Vista also contributed to senators Martin Heinrich (D-NM), and Jon Tester (D-MT), both staunch supporters of public land.
In 2016, Vista contributed money to representative Mike Thompson (D-CA), who is the chair of the Gun Violence Prevention Task Force in the U.S. House of Representatives and who is pushing for strengthened and expanded background checks. The company also gave money to the campaign of Dick Durbin (D-IL) who wrote an op-ed in 2012 advocating that “Magazine clips with more than 10 rounds should be prohibited from civilian use. No one should be allowed to purchase more than two firearms a month,” among other things. Durbin has an “F” rating from the NRA. You can see the numbers for yourself, here.
The takeaway: Large companies spend money with politicians who have views they support. They also contribute money to politicians who they might not agree with on certain issues but who they will have to work with anyway.
Dave Nomsen, Vice President of Pheasants Forever, works with Vista on lobbying efforts in D.C. PF’s main mission is to create and conserve quality habitat, and it sees Vista as a powerful ally when meeting with lawmakers. The fact that Vista has a broad portfolio and owns not just hunting companies but also has outdoor rec subsidiaries only helps their cause.
“That’s where Vista gets it,” Nomsen said. “If you want to do anything in the outdoors—whether that’s hunting or more general recreation—you have to have quality habitat and access.”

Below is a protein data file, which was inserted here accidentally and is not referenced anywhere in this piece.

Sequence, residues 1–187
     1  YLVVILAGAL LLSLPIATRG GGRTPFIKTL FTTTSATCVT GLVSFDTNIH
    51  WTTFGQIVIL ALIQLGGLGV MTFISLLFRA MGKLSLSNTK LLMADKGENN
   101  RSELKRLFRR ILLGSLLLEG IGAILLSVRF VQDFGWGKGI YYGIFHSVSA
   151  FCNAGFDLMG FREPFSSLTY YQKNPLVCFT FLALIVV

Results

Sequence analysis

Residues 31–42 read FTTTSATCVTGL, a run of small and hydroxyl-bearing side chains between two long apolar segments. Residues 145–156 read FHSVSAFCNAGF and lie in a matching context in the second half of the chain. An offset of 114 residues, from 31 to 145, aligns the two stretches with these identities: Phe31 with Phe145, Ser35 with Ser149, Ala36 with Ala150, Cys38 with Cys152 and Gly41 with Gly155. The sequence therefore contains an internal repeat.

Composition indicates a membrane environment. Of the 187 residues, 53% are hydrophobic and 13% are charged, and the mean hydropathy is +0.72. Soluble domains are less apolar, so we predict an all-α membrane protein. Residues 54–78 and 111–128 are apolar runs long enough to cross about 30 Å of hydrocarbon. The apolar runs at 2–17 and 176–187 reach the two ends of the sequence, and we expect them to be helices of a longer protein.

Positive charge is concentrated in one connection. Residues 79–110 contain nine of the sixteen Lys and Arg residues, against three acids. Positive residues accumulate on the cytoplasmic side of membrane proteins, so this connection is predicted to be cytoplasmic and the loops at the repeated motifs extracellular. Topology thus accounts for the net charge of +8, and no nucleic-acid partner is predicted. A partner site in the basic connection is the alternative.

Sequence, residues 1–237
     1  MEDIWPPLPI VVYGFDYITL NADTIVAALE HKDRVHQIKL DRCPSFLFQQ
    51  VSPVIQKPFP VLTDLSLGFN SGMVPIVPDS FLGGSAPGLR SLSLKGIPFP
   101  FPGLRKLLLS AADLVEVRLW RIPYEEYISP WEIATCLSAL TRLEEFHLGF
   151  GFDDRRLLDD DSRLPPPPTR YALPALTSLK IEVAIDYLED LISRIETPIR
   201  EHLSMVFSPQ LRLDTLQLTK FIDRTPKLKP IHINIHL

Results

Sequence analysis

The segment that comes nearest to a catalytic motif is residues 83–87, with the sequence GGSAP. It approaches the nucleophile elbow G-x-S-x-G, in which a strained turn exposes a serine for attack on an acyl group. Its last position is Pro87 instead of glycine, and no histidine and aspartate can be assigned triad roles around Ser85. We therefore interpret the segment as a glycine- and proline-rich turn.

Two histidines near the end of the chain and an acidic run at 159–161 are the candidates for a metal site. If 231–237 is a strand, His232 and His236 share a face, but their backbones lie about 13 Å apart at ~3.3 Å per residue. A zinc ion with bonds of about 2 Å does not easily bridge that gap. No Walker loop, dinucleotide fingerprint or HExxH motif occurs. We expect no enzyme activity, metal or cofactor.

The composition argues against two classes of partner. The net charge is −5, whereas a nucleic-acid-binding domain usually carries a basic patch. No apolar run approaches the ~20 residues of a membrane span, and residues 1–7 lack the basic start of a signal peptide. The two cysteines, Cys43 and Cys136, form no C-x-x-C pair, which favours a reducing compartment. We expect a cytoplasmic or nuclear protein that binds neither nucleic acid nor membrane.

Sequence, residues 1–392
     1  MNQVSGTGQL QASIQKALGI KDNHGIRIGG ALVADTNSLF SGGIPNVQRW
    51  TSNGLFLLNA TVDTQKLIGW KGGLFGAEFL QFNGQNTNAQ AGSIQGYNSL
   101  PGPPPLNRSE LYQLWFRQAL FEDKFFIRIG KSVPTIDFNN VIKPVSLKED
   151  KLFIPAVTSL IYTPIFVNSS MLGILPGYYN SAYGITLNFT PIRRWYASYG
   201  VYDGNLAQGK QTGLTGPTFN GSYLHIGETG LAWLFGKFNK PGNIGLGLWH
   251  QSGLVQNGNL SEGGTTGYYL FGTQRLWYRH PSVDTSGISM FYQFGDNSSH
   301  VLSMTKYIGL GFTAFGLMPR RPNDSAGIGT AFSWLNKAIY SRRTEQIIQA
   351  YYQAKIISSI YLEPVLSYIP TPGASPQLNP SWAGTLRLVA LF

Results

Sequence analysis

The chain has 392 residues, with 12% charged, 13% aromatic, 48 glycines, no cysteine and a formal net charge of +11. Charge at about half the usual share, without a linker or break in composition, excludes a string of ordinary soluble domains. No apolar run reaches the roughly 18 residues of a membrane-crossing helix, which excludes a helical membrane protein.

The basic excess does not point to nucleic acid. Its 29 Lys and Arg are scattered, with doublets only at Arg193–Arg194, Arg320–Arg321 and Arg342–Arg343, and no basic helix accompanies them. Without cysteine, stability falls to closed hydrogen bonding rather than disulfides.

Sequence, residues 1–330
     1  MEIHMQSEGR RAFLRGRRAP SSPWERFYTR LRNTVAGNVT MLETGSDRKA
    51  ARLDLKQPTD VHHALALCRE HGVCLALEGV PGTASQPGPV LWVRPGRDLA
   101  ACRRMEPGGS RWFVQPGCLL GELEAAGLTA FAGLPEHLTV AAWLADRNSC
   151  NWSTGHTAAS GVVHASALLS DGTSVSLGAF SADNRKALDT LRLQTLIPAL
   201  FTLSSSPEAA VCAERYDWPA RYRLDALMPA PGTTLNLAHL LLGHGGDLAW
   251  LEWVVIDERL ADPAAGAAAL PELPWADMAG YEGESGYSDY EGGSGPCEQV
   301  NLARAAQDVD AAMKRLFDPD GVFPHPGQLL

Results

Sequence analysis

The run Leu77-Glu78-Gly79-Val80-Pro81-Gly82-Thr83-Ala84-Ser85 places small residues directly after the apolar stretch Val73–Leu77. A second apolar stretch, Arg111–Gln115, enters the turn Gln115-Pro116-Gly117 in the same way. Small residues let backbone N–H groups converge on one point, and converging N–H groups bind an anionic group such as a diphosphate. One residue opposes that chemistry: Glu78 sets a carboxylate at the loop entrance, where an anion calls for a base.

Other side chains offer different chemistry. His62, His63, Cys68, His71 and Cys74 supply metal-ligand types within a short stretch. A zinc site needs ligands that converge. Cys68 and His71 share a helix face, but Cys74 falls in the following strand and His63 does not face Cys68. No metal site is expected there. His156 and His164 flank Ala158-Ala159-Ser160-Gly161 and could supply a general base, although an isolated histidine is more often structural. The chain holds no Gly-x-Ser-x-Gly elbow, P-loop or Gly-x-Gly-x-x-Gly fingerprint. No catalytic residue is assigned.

“D.C. is all about building partnerships and joint coalitions. If you drill down to it, you have to be able to touch 218 offices in the House and at least 60 senators, if you want to get something done in Washington. It’s fair to say that you want to cast a wide net.”
Along with PF, Vista also works with the Rocky Mountain Elk Foundation and the National Wild Turkey Federation. According to Bronson, Vista’s key conservation initiatives in D.C. are keeping public lands public (opposing transfers), funding CRP, and funding the Land and Water Conservation Fund. I suspect these very same initiatives are important to the people who are currently boycotting the company.
If consumers don’t want to buy Vista products, that is their choice. However, it’s unlikely that this sort of boycott will negatively impact Savage Arms’ business. In fact, firearm and ammunition companies typically see sales spike when gun control is hotly debated.
What this boycott will do is put a hurt on the people who work for Camelbak, Bolle, and Bell. It might give pause to other outdoor rec companies that dip into the hunting community, like Patagonia and Columbia. Everyone who enjoys the outdoors would benefit from powerful nontraditional brands like those putting energy into the hunting industry and potentially making hunting more welcoming to newcomers.
If we let it, this divisiveness will drive another wedge into the larger outdoor recreation community, sending hunters and hikers back to their separate corners to argue amongst ourselves, ultimately to be heard by no one.